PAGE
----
Calgary band plays well with others

By Amanda Hu

“Being in a relationship with one person is hard sometimes, but imagine being in a relationship with six people, in a confined space, for an extended period of time,” says Consonant C cellist and vocalist Clea Foofat of her group’s first tour.

The burgeoning Calgary band has worked through a lot of milestones in their short two years of existence, from recording their first record, Capes and Crowns, in 2007 to their performances at various events across the country. Spending their musical childhood in Calgary has proved beneficial for the group’s development, given some of the community’s unique attributes.

“I think what’s great about Calgary is that it’s not a competitive environment,” Foofat says. “It’s a really supportive environment. Everyone’s always willing to work on other people’s albums, take time to listen to things. If we can’t play a show, we refer someone else.”

All of the members also have other projects on the go, another indication of the city’s interconnectedness. Foofat and fellow vocalists/multinstrumentalists Laura Leif and Jennifer Creighton are continuing their involvement with the Summerwood Warren Collective, bassist Danny Vescarelly spearheads the Mukwah Jamboree festival and drummer Jared Andres co-produces various electronic shows around the city.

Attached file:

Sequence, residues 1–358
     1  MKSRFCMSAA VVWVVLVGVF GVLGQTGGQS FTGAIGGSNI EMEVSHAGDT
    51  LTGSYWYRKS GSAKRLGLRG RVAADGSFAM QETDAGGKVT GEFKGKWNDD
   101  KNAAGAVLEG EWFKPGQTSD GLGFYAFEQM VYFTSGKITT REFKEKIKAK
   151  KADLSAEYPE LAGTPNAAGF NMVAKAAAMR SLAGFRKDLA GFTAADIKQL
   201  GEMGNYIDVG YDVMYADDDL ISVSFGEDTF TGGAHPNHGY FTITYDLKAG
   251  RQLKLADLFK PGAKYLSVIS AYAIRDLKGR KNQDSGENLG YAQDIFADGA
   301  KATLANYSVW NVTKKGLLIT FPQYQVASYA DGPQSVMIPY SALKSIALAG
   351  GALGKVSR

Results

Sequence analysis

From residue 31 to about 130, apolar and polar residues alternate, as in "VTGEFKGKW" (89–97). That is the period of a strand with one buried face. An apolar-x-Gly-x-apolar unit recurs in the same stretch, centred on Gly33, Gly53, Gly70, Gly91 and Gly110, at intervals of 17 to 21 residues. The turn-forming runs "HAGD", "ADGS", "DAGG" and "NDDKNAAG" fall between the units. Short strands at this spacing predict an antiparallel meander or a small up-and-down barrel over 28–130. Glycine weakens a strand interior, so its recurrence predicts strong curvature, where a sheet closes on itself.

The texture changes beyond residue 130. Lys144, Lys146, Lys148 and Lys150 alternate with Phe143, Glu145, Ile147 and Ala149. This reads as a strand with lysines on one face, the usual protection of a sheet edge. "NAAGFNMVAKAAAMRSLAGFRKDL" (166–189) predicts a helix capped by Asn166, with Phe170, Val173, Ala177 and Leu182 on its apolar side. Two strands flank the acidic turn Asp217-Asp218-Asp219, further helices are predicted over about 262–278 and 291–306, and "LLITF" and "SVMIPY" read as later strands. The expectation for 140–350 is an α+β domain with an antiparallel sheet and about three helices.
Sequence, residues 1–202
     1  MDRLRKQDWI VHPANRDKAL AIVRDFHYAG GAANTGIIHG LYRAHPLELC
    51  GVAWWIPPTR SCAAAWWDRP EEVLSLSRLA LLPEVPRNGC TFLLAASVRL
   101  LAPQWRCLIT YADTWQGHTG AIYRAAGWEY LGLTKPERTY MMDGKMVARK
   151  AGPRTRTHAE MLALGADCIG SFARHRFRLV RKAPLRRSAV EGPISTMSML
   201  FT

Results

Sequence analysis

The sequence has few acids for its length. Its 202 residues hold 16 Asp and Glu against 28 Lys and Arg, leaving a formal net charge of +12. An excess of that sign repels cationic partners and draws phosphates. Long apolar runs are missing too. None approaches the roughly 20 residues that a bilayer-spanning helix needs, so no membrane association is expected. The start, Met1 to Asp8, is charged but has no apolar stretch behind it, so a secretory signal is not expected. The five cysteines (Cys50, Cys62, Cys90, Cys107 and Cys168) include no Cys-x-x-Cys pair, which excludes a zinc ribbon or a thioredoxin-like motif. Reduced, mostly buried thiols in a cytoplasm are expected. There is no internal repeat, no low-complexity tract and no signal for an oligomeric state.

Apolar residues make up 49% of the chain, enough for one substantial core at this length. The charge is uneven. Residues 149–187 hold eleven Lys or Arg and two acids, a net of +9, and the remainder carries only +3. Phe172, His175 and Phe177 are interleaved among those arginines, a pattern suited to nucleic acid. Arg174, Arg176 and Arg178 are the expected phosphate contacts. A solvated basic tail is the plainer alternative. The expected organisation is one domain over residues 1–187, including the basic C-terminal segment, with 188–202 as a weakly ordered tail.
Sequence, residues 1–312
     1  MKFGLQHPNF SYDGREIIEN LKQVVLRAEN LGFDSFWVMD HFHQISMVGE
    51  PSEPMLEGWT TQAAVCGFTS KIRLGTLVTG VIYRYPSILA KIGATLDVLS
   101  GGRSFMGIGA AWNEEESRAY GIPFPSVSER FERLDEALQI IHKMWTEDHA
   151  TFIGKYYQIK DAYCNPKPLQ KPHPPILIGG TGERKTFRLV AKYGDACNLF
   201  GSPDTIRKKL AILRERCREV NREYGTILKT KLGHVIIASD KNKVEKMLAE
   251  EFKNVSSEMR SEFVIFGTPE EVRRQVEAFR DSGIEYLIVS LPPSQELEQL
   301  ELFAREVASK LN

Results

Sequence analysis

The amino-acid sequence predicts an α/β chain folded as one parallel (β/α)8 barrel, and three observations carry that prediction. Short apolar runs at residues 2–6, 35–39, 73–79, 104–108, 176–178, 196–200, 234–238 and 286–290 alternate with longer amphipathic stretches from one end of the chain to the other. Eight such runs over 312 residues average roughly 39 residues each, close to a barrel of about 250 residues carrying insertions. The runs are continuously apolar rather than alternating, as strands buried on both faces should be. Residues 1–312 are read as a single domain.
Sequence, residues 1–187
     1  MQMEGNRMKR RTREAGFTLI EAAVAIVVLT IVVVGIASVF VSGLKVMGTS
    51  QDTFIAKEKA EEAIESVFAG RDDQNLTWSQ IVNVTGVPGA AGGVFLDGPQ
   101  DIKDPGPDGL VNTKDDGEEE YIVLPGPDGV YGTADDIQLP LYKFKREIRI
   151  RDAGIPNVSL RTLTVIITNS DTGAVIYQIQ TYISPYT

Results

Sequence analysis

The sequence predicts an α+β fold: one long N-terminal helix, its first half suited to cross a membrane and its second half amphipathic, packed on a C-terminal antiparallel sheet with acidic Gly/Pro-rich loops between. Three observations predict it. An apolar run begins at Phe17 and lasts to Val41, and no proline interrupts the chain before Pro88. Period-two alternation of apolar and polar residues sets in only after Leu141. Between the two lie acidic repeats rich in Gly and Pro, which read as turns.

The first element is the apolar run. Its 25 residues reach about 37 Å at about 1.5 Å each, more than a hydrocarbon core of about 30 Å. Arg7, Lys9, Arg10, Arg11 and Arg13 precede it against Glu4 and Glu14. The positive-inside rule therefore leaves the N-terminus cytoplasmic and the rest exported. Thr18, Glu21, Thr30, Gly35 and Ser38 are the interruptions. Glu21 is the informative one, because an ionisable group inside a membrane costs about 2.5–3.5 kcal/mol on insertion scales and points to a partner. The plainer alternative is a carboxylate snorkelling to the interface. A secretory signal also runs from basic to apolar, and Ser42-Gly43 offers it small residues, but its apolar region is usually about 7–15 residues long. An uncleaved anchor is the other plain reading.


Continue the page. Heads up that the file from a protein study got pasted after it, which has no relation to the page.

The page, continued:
Together, the group is now at a new stage, working on writing new material and towards recording another album and going on another tour. They recently made a stop at POP Montreal to aid their exposure on the national stage in a showcase/festival environment. Foofat cites the experience as an amazing learning and connection-building opportunity, though somewhat of a precarious situation for a growing group to be in. Andres agrees.

“I think at a showcase, it’s harder to get seen by as many people and that seems to be an opinion that’s shared by lots of bands about things like South by Southwest and that kind of stuff,” Andres says. “Everyone who’s in a showcase is kind of a buzz band by nature of the fact they’re there, so how do you pick which buzz band you’ve never heard to go see?”

Despite the challenges facing an up-and-coming band along the road, the Consonant C’s members seem to manage to keep a focus on the artistry and musical development of the group, something Foofat says is easy to lose sight of.

“So much happens and there are so many shows to play,” Foofat says. “There’s so much momentum behind getting stuff done. For us, we sit down every sit down every three or four months. We have really intense band meetings. We talk about how we want to be making the music and the different approaches we want to try, what we want to do in the future and where we’re headed.”

With that direction, it’s easy to see why the Consonant C genuinely seems to appreciate making music for all the right reasons, not to mention being able to play at venues that work with who they are as a group.

“That Empty Space is cool,” Andres says. “Especially for the kind of stuff we play, it’s nice to have people sitting down in a comfortable environment. They’re there to watch you, whereas if you play at a bar, not everybody’s there to watch the band. It sounds really good in that room. I’ve been to a lot of shows in that room, so it’s kind of close to my heart in that way.”

Leave a comment